*Main Data.List> factorial 40 `div` (factorial 20 * (factorial (40 - 20)))

or to store it nicely in a function:

choose :: Integer -> Integer -> Integer
choose n r = factorial n `div` (factorial r * (factorial (n - r)))

Problem 16 – What is the sum of the digits of the number 21000?

To grab the individual digits, I used the show function to turn the number into its string equivalent where I can grab the individual characters, turn it back into its integer equivalent and add it to a running sum. Once again we’re reducing a list to a single value, so I used a fold:

foldl (\acc x -> acc + (read [x] :: Int)) 0 (show (2^1000))

A really good thing about Haskell is that it can cope with very large numbers! I don’t know how I would store 2^1000 in C++.

Problem 20 – Find the sum of the digits in the number 100!

Firstly, the factorial function from before:

factorial :: Integer -> Integer
factorial 0 = 1
factorial 1 = 1
factorial n = n * factorial (n - 1)

Next, a function that takes a number and sums together its digits. This is done by simply turning the number in a list of char and then for each char, turning back into single number and adding it to the sum:

sumOfDigits :: Integer -> Integer
sumOfDigits n
| length xs == 1 = n
| otherwise = (read ([head xs]) :: Integer) + sumOfDigits (read (tail xs) :: Integer)
where xs = show n

But of course, I just showed a fold that does this in the previous problem! so why didn’t I use that instead? I actually completed problem 20 before problem 16. For this problem however, the answer is computed practically instantly regardless of what route we take:

*Main> sumOfDigits $ factorial 100
(0.00 secs, 12595056 bytes)
*Main> foldl (\acc x -> acc + (read [x] :: Int)) 0 (show (factorial 100))
(0.00 secs, 0 bytes)

The fold option though uses less memory (but surely it doesn’t use no memory whatsoever?!).

Problem 21 – Evaluate the sum of all the amicable numbers under 10000

To calculate the proper divisors, just use the factors function but add a new conditional statement so we don’t add n to the list when calculating for n. We can also add 1 automatically and start the range from 2 since 1 is a proper factor of every integer greater than 0 (except 1 I guess!) then we need to sum the elements:

properFactors :: Int -> [Int]
properFactors n = let s = ceiling (sqrt (fromIntegral n)) :: Int in 1 : (nub (concat [ [x, n `div` x] | x <- [1..s], n `mod` x == 0, n `div` x /= n] ))

sumProperFactors :: Int -> Int
sumProperFactors n = sum (properFactors n)

To be “amicable”, sumProperFactors a needs to equal b and sumProperFactors b needs to equal a with a and b being different numbers:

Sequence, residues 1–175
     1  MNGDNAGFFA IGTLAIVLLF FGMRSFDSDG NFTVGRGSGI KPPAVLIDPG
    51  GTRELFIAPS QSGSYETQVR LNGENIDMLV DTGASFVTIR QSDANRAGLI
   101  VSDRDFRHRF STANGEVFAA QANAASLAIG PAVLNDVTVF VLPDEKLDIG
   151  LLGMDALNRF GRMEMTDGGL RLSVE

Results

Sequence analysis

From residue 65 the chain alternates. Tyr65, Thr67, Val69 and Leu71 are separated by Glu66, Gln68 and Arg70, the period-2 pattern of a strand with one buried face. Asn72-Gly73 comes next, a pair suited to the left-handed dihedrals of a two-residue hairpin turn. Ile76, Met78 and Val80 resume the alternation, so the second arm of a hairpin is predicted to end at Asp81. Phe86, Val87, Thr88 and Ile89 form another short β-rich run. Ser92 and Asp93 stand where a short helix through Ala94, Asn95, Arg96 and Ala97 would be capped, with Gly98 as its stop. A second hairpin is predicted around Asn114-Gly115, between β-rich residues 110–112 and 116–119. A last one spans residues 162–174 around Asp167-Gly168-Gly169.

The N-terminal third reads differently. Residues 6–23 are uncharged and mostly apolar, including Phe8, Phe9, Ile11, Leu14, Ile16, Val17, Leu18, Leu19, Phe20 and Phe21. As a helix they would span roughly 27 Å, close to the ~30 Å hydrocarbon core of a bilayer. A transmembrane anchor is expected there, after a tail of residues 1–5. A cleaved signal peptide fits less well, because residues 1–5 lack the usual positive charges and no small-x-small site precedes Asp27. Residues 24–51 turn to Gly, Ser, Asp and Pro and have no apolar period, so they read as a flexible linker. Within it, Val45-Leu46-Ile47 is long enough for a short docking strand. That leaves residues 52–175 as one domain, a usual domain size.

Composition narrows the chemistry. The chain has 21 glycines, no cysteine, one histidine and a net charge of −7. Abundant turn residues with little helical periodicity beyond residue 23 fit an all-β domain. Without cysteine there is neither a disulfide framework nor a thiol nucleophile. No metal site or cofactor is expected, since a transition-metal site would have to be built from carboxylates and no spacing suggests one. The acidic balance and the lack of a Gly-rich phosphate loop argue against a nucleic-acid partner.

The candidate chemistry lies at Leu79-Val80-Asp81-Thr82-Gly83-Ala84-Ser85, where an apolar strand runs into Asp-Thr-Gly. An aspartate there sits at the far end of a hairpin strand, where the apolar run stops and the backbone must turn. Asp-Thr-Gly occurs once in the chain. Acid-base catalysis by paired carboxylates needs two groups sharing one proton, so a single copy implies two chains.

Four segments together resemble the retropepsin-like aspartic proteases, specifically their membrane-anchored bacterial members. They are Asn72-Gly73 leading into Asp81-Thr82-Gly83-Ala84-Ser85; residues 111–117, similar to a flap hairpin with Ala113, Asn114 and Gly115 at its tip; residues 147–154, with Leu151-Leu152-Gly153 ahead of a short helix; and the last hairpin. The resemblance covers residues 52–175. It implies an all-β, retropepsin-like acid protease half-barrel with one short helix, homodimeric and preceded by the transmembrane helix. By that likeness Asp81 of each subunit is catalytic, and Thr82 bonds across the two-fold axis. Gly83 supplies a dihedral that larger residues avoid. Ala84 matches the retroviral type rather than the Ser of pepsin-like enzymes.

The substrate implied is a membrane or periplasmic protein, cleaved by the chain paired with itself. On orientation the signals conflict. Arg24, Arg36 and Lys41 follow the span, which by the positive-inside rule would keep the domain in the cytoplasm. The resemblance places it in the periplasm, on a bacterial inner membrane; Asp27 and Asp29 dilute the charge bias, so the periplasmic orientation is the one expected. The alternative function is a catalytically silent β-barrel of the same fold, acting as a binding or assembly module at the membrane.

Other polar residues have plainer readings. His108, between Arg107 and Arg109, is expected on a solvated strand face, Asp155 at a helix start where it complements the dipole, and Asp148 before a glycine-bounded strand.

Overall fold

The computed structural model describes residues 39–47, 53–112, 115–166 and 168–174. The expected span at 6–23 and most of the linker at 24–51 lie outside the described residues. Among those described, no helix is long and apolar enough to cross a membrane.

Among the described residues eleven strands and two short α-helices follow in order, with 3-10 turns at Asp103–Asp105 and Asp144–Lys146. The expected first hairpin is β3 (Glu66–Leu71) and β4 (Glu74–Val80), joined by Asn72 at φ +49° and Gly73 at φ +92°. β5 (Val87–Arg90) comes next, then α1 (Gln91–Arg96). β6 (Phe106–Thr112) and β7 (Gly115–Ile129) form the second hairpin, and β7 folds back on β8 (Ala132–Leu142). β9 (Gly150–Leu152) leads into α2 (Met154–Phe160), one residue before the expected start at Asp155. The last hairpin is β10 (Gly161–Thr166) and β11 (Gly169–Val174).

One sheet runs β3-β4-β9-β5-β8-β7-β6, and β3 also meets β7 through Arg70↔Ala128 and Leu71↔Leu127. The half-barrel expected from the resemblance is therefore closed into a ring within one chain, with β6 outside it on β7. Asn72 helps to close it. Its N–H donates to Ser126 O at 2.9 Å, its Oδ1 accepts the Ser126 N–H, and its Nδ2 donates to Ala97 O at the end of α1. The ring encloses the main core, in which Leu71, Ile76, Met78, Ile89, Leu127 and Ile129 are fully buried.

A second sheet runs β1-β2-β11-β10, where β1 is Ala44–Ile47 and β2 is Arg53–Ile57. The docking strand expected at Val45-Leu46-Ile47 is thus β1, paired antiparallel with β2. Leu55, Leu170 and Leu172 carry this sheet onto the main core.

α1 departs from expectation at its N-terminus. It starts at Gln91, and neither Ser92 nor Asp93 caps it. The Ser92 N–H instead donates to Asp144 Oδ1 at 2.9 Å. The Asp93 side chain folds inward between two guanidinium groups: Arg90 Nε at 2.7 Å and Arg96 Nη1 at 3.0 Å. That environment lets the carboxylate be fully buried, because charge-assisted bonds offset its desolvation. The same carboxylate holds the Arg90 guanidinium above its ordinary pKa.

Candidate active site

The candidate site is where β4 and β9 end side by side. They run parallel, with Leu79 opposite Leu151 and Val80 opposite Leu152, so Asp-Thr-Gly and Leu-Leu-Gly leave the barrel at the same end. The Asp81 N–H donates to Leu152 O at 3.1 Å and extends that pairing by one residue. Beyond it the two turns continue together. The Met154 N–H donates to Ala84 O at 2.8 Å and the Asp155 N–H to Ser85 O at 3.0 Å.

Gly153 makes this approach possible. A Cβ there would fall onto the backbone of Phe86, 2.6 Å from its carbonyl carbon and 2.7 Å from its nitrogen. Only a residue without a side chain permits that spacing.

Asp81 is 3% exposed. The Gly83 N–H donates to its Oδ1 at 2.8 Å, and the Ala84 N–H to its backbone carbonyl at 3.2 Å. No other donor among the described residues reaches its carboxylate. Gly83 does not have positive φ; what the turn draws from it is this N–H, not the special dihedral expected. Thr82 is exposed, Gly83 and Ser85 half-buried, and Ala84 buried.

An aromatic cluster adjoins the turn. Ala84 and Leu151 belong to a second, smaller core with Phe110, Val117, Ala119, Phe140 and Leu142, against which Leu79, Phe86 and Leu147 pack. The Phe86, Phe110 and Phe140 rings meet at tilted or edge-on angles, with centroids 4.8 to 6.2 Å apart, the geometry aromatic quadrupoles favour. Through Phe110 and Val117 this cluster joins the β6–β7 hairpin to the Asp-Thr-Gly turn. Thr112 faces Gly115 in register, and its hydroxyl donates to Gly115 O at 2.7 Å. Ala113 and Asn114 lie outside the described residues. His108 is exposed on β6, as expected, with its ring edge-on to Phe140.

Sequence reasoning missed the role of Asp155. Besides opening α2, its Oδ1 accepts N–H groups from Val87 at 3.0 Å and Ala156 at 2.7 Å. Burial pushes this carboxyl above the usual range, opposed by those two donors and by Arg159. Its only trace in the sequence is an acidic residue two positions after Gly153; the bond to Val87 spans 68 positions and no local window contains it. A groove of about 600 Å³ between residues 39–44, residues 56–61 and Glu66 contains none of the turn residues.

isAmicable :: Int -> Int -> Bool
isAmicable a b = (a /= b) && (sumProperFactors a == b) && (sumProperFactors b == a)

Next, to get all amicable numbers under 10000:

*Main Data.List> let amics = nub [ (x,y) | x <- [1..10000], y <- [1..x], isAmicable x y ]
*Main Data.List> sum $ concatMap (\(x,y) -> [x,y]) amics

Another way is:

sum [ x | x <- [1..10000], y <- [1..10000], isAmicable x y ]

Problem 24 – What is the millionth lexicographic permutation of the digits 0, 1, 2, 3, 4, 5, 6, 7, 8 and 9?

Using the Data.List permutations and sort functions we get lexicographic order:

*Main Data.List> sort (permutations [0,1,2])

The millionth element is at index 999999, so:

*Main Data.List> (sort (permutations [0,1,2,3,4,5,6,7,8,9])) !! 999999

The rest will be shown in part 3

Solving Project Euler problems with Haskell Part 1 (Haskell)

So I decided to begin learning Haskell. Like many functional programming languages, it isn’t used very often in the software development industry compared to its imperative cousins. However, I still believe it’s good to learn a functional programming language because you get to solve problems from a different perspective. All the problems I solved with Haskell I could’ve also used C++ or C# or anything really but by using a functional language instead, it meant that I had to approach the problems in a different manner and I believe it has strengthened my ability to problem solving since I now have several paths to take and can choose the easier path. Some of the problems were much easier to solve in functional programming than in imperative programming and vice versa. If I had only learned one of the types, I would have fewer options to reach the end goal.

There are other reasons why Haskell is useful but I’ll leave you to see the benefits of it by pointing you to the same learning resource I used — Learn You A Haskell For Great Good!

To test out what I had learned in Haskell I decided to do some of the problems listed on two websites:

I spent most of the time in Project Euler and decided to see how many of the problems I could solve using Haskell in the 2 days I had free. I got through a handful of the 99 Haskell problems before getting a little bored and moved on to complete around 20 of the Project Euler problems.